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dc.contributor.authorPrice, M.
dc.contributor.authorRamkissoon, N.
dc.contributor.authorMcMahon, S.
dc.contributor.authorMiljkovic, Katarina
dc.contributor.authorParnell, J.
dc.contributor.authorWozniakiewicz, P.
dc.contributor.authorKearsley, A.
dc.contributor.authorBlamey, N.
dc.contributor.authorCole, M.
dc.contributor.authorBurchell, M.
dc.identifier.citationPrice, M. and Ramkissoon, N. and McMahon, S. and Miljkovic, K. and Parnell, J. and Wozniakiewicz, P. and Kearsley, A. et al. 2014. Limits on methane release and generation via hypervelocity impact of Martian analogue materials. International Journal of Astrobiology. 13 (2): pp. 132-140.

The quantity of methane in Mars' atmosphere, and the potential mechanism(s) responsible for its production, are still unknown. In order to test viable, abiotic, methangenic processes, we experimentally investigated two possible impact mechanisms for generating methane. In the first suite of experiments, basaltic rocks were impacted at 5 km s-1 and the quantity of gases (CH4, H2, He, N2, O2, Ar and CO 2) released by the impacts was measured. In the second suite of experiments, a mixture of water ice, CO2 ice and anhydrous olivine grains was impacted to see if the shock induced rapid serpentinization of the olivine, and thus production of methane. The results of both suites of experiments demonstrate that impacts (at scales achievable in the laboratory) do not give rise to detectably enhanced quantities of methane release above background levels. Supporting hydrocode modelling was also performed to gain insight into the pressures and temperatures occurring during the impact events. Copyright © Cambridge University Press 2013.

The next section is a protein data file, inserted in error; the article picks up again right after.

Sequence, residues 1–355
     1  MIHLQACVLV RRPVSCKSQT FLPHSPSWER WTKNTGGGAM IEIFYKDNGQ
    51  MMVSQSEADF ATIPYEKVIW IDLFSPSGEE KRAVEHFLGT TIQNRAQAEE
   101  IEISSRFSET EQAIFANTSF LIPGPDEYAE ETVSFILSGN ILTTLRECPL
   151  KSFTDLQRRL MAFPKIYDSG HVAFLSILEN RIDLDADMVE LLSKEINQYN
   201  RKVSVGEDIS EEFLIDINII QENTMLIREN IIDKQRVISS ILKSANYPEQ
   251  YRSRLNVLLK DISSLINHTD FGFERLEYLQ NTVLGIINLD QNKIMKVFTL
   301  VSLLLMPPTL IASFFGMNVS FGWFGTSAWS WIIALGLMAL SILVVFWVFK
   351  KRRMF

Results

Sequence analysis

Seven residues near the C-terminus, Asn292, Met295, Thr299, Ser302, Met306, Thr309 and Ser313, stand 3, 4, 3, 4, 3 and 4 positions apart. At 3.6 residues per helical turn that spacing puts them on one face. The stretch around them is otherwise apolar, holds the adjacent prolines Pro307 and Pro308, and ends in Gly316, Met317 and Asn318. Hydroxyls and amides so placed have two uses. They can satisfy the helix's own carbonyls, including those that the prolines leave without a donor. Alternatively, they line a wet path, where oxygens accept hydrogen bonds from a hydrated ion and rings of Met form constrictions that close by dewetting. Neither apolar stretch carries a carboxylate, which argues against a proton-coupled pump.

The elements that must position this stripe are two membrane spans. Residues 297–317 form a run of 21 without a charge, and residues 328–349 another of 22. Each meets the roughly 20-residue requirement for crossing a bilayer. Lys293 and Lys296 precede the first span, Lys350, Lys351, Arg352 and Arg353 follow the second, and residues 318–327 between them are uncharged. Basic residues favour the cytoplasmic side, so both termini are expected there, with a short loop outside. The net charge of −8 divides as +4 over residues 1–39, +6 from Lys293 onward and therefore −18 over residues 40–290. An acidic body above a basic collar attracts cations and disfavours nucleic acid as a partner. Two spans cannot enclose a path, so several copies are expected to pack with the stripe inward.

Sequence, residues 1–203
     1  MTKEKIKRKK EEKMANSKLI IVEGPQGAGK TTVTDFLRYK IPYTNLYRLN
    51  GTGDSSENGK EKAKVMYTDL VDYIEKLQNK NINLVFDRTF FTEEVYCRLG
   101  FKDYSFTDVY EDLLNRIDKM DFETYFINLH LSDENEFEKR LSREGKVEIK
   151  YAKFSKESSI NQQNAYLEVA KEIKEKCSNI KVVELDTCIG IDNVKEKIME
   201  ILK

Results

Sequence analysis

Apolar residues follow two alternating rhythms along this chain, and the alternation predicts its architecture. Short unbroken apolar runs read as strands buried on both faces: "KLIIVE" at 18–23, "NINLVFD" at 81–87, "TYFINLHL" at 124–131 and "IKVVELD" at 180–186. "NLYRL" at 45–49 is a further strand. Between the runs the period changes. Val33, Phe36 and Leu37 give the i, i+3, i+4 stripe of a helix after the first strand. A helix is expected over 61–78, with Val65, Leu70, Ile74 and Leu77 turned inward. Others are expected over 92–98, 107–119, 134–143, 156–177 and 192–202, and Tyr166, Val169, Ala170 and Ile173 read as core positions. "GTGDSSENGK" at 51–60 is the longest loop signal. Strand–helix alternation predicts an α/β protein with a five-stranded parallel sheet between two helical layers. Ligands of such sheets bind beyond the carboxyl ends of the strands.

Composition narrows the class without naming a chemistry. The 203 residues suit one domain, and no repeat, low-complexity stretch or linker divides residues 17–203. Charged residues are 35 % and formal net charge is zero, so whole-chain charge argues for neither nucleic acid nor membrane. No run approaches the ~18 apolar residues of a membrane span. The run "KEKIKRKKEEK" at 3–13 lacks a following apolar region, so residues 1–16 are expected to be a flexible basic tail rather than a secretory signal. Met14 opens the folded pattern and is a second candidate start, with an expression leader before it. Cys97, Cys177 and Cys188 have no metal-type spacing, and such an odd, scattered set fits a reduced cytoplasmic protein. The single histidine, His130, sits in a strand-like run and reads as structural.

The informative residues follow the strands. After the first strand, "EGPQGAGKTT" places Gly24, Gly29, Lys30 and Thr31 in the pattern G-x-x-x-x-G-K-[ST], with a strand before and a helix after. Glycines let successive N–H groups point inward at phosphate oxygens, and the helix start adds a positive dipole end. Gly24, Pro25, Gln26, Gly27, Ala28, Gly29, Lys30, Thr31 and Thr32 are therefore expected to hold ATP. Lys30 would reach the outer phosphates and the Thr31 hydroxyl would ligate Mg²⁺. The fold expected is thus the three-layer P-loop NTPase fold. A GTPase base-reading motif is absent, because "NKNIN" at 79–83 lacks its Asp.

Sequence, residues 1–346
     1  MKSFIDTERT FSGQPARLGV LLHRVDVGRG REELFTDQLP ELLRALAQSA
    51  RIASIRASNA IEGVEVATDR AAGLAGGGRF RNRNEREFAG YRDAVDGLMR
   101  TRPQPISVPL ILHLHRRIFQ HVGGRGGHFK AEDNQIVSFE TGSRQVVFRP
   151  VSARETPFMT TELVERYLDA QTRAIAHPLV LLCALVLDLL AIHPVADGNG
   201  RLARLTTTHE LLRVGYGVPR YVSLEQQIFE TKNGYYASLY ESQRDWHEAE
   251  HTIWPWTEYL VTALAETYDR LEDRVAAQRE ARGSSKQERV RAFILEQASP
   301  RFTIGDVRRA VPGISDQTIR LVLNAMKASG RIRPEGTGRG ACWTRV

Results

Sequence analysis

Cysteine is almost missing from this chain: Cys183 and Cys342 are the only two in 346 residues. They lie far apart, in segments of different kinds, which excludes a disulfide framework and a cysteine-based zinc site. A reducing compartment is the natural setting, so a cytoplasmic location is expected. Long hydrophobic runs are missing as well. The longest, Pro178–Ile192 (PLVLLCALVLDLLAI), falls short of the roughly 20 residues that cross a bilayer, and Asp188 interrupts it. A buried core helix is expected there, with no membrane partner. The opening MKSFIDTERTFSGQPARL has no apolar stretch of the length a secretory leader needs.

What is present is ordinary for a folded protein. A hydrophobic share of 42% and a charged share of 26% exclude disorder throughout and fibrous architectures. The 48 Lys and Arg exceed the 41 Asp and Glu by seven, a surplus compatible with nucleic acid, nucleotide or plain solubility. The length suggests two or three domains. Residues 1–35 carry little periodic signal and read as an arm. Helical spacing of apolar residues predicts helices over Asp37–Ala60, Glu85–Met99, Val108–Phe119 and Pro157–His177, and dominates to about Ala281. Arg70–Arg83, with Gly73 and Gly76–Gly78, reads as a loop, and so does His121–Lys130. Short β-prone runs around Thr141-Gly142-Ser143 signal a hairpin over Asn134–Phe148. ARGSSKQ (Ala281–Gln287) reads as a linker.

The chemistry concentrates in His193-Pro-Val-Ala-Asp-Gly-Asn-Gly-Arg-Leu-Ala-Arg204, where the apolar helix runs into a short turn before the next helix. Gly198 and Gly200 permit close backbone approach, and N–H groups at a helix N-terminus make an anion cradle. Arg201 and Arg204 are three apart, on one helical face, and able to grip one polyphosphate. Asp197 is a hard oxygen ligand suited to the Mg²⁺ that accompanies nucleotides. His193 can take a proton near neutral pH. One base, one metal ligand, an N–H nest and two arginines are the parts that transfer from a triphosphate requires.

dc.titleLimits on methane release and generation via hypervelocity impact of Martian analogue materials
dc.typeJournal Article
dcterms.source.titleInternational Journal of Astrobiology
curtin.departmentDepartment of Applied Geology
curtin.accessStatusFulltext not available

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